Jay lived life wide-open. I remember him living in a place nicknamed “The Chicken Coop” which got that moniker from its layout. The old wood framed garage had once been the home to Modifieds driven by Geoff Bodine and Pro Stocks driven by so many great drivers that I couldn't even name them all. Since Jay couldn't afford a race shop, racecar and a house at that time, he combined everything into one place. In a loft looking over the shop floor, Jay built a bedroom complete with full bar and a full bath. Every morning, he could wake up and look over the railing at his racecar. More importantly to him though, he didn't have far to stumble into bed after working through the night on his race machines. The shop was a place where much bench racing was done and plenty of freelance projects were taken on too. I remember everything from Acura NSXs to Corvettes to Supercharged Small Block S-10 Blazers being in there. In short, it was a man's dream come true - the perfect home and the perfect shop all in one.
Jay's wide-open attitude goes back a long way. When he was a youngster racing karts, he once took one for a high-speed spin up Route 125 in Kingston, New Hampshire and passed several cars. When word got back to his father about what he did, Jay had the perfect excuse to justify it.
“I remembered to put a dealer plate on the kart before going on the road,” he said, trying to make it sound like he was just taking a test drive.
Jay's latest project was to turn a pontoon boat into a floating ice cream gallery. On weekends, he would hit the lakes of New England to sell cool treats to hot boaters. Hiring a few bikini-clad servers helped too and for an young business, things were going very well.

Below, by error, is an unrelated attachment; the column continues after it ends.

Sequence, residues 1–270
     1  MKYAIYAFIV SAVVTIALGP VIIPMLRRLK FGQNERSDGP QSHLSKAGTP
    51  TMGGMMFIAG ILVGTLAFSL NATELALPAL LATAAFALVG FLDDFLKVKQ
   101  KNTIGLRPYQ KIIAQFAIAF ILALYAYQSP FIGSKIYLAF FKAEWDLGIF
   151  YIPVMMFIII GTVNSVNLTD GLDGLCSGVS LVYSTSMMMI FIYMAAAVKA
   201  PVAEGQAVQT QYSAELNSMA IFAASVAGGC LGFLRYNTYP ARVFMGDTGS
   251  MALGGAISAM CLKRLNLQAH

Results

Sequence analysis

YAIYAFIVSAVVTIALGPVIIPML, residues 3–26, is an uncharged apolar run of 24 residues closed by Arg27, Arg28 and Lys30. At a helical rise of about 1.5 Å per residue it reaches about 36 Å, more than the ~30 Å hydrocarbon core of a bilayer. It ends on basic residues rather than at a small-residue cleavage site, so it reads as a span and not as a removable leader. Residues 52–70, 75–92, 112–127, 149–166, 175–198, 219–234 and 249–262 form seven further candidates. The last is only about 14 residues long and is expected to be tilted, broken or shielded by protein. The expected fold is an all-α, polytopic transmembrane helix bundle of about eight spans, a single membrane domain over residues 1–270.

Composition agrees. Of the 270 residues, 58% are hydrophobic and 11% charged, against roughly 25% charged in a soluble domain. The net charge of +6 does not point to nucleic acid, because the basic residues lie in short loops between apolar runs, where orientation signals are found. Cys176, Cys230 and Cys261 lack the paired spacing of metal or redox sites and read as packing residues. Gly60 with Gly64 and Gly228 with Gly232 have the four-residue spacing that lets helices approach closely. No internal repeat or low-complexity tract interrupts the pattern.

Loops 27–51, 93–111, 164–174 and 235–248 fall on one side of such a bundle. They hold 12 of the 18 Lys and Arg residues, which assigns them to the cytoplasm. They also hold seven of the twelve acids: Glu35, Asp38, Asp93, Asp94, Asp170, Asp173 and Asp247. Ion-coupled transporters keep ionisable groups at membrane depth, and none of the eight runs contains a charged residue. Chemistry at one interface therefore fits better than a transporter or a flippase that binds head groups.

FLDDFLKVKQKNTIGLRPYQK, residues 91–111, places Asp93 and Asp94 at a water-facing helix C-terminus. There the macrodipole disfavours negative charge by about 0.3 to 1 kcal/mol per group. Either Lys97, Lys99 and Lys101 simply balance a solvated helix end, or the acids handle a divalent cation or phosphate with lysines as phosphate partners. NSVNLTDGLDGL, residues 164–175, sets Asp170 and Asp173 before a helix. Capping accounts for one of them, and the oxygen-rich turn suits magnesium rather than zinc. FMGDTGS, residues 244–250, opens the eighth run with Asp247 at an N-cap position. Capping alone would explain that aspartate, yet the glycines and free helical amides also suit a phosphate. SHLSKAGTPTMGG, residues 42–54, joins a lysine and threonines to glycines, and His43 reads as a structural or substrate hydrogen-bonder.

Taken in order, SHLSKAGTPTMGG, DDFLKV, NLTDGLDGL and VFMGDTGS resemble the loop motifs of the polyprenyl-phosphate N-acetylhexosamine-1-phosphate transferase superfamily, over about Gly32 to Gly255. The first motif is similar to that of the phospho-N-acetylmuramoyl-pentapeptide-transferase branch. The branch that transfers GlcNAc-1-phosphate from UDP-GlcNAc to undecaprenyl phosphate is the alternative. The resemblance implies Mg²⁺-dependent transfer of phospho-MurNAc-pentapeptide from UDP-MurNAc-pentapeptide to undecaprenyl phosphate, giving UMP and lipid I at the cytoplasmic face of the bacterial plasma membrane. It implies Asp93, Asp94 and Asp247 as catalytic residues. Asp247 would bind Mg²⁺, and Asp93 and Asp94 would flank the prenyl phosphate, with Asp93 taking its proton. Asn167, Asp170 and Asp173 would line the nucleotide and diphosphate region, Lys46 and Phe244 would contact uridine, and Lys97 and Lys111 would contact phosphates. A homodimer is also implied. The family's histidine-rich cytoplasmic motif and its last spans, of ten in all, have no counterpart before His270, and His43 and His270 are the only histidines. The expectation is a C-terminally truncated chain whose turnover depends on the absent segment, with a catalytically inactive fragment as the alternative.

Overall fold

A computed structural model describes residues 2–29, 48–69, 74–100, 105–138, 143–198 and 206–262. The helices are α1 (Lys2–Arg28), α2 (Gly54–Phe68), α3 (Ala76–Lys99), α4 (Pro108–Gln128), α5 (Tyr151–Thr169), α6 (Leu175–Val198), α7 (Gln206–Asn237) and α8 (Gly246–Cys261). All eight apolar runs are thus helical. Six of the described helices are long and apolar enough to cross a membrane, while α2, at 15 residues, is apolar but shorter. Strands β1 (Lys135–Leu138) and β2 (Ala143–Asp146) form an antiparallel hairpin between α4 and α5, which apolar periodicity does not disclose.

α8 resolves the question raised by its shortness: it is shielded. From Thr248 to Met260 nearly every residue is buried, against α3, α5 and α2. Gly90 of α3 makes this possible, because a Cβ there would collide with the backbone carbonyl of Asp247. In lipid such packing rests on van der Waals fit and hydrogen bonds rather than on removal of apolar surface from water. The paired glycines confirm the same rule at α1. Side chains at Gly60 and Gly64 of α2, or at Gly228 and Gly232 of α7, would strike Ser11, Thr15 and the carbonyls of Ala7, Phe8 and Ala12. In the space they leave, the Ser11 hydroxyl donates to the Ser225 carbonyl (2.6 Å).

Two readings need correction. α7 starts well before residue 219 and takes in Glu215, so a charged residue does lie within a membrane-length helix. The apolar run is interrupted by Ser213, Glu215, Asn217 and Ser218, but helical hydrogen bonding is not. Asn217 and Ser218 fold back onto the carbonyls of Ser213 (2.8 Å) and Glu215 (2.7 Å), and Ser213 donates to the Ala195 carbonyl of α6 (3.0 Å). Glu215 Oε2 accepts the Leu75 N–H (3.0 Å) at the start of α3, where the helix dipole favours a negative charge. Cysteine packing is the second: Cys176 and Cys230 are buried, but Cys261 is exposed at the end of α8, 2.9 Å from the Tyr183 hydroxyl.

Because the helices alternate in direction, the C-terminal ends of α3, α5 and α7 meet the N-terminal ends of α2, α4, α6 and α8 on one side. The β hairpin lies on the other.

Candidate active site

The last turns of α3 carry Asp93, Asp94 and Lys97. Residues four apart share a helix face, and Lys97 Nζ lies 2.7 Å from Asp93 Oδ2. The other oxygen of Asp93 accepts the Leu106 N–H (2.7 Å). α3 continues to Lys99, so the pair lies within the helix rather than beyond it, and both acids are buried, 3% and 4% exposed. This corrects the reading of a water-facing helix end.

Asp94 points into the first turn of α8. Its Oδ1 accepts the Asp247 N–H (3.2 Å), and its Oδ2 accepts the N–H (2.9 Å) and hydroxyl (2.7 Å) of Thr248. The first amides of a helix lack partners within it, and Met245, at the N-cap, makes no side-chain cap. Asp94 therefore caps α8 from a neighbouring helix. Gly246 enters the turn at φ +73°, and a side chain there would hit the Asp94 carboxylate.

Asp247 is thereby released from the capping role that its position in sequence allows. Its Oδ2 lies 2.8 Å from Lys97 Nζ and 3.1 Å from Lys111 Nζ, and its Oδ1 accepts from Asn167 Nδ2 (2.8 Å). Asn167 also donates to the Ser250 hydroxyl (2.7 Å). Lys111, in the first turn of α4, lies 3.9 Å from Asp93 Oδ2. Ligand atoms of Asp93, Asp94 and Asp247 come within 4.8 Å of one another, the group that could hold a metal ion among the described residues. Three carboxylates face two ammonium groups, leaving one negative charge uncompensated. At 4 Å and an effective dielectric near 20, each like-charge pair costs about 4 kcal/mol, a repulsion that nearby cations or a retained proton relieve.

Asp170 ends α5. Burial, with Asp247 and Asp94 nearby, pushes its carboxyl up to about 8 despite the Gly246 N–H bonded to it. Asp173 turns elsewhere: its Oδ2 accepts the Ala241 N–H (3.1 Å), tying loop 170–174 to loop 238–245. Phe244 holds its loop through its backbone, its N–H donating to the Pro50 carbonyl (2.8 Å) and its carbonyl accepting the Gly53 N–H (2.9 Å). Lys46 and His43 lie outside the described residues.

Many people didn't know another side of who my little girl called “Uncle Jay” either. It was his soft spot for children. Jay supported the Make-a-Wish Foundation, usually anonymously, and even flew the colors of the Girl Scouts on one of his racecars when he realized that cheering for a racecar could make those young fans happy. He once befriended a terminally ill child and took him to the races all the time. Jay tried to prepare himself for the inevitable day when that child passed away, but even for a tough guy it was hard. It was the same story with animals, Jay befriended a rescued Bullmastiff dog named Richie and you'd never see them far apart until Richie passed on. The dog was well over 150 pounds and the true definition of a gentle giant. He wasn't a pet to Jay, but a friend. I think that he earned the shop a few customers too as he sat in the lounge area while Jay spent the day working on cars.
I don't even know what it is going to be like next week when there is an Oxford 250 and I won't be talking to Jay the next week about every little detail of the race. I was at his home track of Lee USA Speedway last night and I could swear that I thought I saw him walking through the pits on several occasions. So for me, this is personal.
But beyond that, the sport is a little worse off today. Because someone who would give anything to better short track racing is no longer with us. With Jay it wasn't about money or driver development deals. It was about the racing and nothing more. That's something that too many of us have forgotten, or maybe never even knew, these days.